Thursday, March 6, 2008

The Case for Late Deciders

On Slate, David Greenberg argues that this primary is not a historical anomaly, that democratic candidates are typically chosen late in the game. He also claims that the failures of deomcratic candidates in 1972, 1980, and 1984 had nothing to do with the long selection process. He says they would've failed anyway because they (McGovern, Carter, Mondale) were weak candidates. Tsongas, too, in 1988, though Greenberg concedes that the good governor was indeed hurt some by the primary campaign.

My only point is this: No one really can know what would have happened had those nomination processes been shorter. But we know here and now that a drawn out primary fight will get nasty, it could divide the party, and it could certainly give Republicans a greater opportunity and more ammunition with which to hold on to the White House than they would otherwise have had. (I refer to the red phone ad and Clinton's statement that she and McCain are the candidates of experience.)

All this to say, history is not only cold comfort indeed but an argument for Clinton to withdraw.


Anonymous said...

Come on. Can you, even in your wildest dreams, see Hillary Clinton deciding to bow out of the race? Not that I can see Obama doing it either, but I *really* can't see Hillary. We are doomed to a long fight. So let's concentrate on expressing our displeasure with the increasingly negative campaigning between the two of them, and hopefully they'll get the message. PS: don't get too excited about this comment. I know you. And love you!

Anonymous said...

You must have been joking about your "argument" for Hillary to withdraw. She has just as many supporters, if not more than Obama, and she is more than qualified to be in the race. And guess what -- she might even win!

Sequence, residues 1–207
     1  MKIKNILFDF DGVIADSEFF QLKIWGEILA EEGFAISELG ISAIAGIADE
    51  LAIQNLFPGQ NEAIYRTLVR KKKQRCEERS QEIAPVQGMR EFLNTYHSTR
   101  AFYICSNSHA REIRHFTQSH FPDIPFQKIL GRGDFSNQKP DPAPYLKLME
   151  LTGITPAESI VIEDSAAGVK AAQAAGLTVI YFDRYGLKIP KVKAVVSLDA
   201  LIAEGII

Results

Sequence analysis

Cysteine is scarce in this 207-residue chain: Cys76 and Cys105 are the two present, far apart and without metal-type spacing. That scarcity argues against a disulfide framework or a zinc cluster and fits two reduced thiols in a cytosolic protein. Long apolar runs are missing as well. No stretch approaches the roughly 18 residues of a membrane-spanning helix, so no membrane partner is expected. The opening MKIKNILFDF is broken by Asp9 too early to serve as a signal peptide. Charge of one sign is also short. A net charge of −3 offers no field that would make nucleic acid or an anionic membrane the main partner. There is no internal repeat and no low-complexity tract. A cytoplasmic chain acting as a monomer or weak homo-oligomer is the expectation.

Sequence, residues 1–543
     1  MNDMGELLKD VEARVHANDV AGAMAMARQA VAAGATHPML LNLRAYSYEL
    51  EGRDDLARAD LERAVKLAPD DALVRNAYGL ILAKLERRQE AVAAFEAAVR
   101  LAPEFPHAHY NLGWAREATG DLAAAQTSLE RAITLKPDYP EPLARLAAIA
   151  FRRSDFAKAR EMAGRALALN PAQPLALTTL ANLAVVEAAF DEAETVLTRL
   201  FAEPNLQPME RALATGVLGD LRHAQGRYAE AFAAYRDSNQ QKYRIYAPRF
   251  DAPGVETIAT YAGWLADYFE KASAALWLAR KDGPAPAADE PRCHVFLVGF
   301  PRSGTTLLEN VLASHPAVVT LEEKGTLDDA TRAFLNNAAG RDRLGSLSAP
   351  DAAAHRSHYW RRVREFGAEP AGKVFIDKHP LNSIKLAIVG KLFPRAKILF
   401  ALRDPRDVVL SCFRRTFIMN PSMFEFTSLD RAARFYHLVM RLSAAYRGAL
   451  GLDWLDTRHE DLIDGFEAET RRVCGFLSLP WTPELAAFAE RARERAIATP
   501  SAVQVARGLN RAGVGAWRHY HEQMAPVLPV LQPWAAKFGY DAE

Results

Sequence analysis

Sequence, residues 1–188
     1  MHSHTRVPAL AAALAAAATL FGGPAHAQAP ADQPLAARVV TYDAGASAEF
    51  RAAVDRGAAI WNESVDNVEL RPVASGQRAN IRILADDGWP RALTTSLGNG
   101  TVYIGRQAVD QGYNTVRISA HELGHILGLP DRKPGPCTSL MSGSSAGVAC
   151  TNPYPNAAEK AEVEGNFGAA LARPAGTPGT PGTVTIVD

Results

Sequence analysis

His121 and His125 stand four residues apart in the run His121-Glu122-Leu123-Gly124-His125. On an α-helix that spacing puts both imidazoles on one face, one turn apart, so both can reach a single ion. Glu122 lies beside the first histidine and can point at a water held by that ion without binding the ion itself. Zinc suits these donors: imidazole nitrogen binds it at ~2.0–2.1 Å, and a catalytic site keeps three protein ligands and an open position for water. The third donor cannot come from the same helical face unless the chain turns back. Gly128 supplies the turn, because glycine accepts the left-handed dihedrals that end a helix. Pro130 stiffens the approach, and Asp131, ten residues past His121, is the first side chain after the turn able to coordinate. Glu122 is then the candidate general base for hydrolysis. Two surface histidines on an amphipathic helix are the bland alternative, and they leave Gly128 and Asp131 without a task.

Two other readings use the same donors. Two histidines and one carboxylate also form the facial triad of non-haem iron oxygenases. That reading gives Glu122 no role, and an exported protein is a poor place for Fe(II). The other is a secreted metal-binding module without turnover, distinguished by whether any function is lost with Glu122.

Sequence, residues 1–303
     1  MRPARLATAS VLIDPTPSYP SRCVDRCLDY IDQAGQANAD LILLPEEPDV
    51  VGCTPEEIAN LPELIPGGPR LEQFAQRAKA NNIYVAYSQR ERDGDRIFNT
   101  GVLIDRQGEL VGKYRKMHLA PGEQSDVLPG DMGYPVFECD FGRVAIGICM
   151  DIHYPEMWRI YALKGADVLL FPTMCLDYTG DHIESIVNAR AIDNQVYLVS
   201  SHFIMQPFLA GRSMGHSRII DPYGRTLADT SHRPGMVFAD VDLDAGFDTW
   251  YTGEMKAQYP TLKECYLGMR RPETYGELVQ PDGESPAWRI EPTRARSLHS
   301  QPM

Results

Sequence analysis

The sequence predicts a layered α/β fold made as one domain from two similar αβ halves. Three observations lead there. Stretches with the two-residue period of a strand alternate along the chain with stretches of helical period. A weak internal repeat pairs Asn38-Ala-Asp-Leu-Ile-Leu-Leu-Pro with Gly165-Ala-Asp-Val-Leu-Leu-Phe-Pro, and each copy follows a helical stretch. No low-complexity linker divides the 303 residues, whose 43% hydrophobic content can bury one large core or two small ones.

Robin Aronson said...

I wasn't joking. Obama has more delegates and more super-delegates pledged. This doesn't have to do with her qualifications, it has to do with who's winning the primary race and how quickly we can move on to succeed in the general.

Anonymous said...

So far Obama has more delegates. But the primaries aren't over. Why should only the early states' voters get to decide on the candidate. We need to wait until EVERYONE'S voices are heard.

Or maybe Obama should have dropped out back when Hillary was in the lead. That would have made the process even shorter.

Robin Aronson said...

Early states always have the most say. That's why everyone clamors to be early and we have this flap with Michigan and Florida. As for Obama dropping out when Clinton was in the lead, I'd point out that that would mean he should have dropped out before even one vote was cast in Iowa.

In this system, if you want "everyone's" vote to count, then all the primaries should be held simultaneously and under the exact same rules. Not likely.

At a certain point, the campaign has to be both about the candidate and the party if you're invested in the general goals of the party as historically articulated. It seems to me that Clinton has shown herself again and again in this campaign to be mostly interested in what the party can do for her, not what she can do for the party. And what party, not just what candidate, wins will have a significant impact on the country.